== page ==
Safety has guided every decision we’ve made over past decade, any suggestion to the contrary is categorically untrue http://t.co/bS8f6gnIKq
— Richard Branson (@richardbranson) November 3, 2014
“At Virgin Galactic, safety is our guiding principle and the North Star for all programmatic decisions. Our culture is one of prioritizing safety as the most important factor in every element of our work, and any suggestions to the contrary are untrue.”
— Virgin Galactic Statement, Nov. 4, 2014
By Douglas Messier
Parabolic Arc Managing Editor
As Virgin Group Chairman Richard Branson defends the safety culture and record of Virgin Galactic against what it terms as unwarranted attacks, Parabolic Arc has learned that the man whom the company lists on its website as its vice president of safety retired in January 2014. Sources also say he has not been seen at the office for over a year.
On his LinkedIn biography, Jon Turnipseed lists himself as a now retired safety official who served as Virgin Galactic vice president of safety from September 2010 to January of this year. His current status is listed as “Idaho.”
However, Virgin Galactic has continued to list Turnipseed as holding that position on its website as early as last month. Although the Our Team section of the Virgin Galactic now defaults to a single page with a series of statements about the fatal crash of SpaceShipTwo on Friday morning, the Internet Archive Wayback Machine has a version of the page from Oct. 6, 2014, that clearly lists Turnipseed as holding that position.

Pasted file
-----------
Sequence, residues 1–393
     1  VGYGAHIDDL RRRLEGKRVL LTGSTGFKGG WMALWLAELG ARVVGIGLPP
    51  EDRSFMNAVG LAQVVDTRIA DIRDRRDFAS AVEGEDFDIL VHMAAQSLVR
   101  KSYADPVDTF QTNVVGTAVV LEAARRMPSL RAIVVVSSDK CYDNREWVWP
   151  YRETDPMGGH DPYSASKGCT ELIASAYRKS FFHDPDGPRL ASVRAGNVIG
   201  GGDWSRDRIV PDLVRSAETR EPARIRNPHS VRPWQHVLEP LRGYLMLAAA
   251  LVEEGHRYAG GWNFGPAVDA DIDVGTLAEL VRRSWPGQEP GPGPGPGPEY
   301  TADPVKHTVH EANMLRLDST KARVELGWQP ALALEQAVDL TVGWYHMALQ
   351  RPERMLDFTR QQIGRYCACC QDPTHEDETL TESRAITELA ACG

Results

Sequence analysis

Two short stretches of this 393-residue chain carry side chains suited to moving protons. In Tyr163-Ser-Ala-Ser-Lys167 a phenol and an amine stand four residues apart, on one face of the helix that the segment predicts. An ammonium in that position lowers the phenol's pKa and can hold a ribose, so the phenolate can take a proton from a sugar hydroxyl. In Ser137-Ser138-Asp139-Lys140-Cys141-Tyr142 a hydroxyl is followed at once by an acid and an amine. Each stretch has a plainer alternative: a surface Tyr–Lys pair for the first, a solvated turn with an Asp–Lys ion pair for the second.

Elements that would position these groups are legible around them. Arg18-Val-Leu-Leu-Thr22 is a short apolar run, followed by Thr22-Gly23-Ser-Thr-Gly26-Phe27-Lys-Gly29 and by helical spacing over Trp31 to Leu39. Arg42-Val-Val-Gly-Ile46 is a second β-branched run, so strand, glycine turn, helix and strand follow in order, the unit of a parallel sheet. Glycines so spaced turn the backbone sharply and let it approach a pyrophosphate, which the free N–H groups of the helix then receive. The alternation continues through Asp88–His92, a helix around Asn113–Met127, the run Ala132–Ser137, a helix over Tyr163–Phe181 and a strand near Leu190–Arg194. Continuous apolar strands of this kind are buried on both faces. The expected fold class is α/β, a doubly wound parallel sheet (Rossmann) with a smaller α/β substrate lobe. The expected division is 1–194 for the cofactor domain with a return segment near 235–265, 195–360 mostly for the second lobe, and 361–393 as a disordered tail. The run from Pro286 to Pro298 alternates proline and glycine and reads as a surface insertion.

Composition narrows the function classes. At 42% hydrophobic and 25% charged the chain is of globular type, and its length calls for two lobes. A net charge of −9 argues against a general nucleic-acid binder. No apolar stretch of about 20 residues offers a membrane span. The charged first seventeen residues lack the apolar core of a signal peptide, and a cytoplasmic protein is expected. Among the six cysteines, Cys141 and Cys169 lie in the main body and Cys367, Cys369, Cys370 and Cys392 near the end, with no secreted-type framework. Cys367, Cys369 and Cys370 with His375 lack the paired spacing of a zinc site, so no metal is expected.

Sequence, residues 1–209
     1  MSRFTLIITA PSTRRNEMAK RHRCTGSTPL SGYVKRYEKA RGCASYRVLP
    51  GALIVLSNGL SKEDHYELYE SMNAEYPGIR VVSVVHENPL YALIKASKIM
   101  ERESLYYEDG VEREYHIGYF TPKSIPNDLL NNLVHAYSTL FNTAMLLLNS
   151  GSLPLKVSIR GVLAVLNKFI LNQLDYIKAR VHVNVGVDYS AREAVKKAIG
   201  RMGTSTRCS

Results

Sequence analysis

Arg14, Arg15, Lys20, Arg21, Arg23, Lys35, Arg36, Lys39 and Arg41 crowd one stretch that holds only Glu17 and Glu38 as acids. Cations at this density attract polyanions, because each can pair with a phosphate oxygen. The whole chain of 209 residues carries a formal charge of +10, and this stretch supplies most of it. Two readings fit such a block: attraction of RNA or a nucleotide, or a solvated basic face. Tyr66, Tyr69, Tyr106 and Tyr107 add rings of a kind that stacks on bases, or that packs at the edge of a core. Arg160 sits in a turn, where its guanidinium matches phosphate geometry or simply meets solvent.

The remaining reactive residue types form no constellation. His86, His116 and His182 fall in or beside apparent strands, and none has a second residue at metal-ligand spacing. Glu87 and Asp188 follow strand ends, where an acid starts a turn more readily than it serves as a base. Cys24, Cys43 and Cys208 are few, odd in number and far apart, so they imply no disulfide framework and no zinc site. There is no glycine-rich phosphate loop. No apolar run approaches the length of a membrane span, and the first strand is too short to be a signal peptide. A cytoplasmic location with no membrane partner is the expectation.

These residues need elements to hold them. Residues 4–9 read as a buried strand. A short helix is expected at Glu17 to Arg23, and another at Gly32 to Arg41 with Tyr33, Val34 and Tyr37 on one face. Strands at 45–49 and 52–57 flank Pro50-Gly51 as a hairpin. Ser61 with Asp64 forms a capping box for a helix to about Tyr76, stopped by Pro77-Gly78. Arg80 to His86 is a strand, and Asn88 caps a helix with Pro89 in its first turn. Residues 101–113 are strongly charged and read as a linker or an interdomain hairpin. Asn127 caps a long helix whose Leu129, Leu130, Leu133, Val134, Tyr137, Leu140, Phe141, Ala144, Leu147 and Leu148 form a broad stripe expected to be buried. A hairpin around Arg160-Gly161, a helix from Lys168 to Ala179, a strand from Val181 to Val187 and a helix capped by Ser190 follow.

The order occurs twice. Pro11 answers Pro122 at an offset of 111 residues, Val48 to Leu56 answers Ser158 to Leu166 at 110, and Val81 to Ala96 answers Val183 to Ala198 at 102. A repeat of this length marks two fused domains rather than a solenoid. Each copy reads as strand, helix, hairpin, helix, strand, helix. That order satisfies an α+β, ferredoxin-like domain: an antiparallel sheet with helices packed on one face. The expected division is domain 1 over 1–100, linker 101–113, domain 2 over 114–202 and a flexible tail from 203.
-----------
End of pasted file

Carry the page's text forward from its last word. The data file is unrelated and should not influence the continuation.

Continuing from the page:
Parabolic Arc wrote about Turnipseed’s departure on Feb. 1, 2014 [Mojave Jobs: Virgin Galactic Needs a Vice President of Safety]. Virgin Galactic Vice President for Special Projects Will Pomerantz quickly responded with the following clarification:
Some info on that specific job opening, since the rumor mill is churning out bad data (as seems to be the case so often): Jon Turnipseed’s last day as a full time employee was Dec 19, but he is still serving as a contractor to the company. Jon left big shoes to fill when he retired after spending several years here at VG/TSC (in addition to a great career with the US Air Force), but we are now interviewing our final candidates for the job. Of course, we remain open to great candidates who haven’t yet gotten in touch—it’s important to get the best possible person for the job!
In a communication to Virgin Galactic ticket holders on March 4, 2014, Astronaut Relations Manager Gemma Vigor confirmed that Turnipseed had left the company, calling his departure “a planned retirement due to age.” [An Open Letter to Virgin Galactic’s Astronaut Relations Manager]
Several former Virgin Galactic employees have said that they last saw Turnipseed at Virgin Galactic’s offices in October 2013. Management claimed that he continued to serve as a consultant, but they sources didn’t believe that story based on not seeing him at work. They also pointed out that companies typically don’t hire retired consultants as their vice presidents of safety. Especially when they’re going through a challenging flight test program of a set of experimental flying vehicles.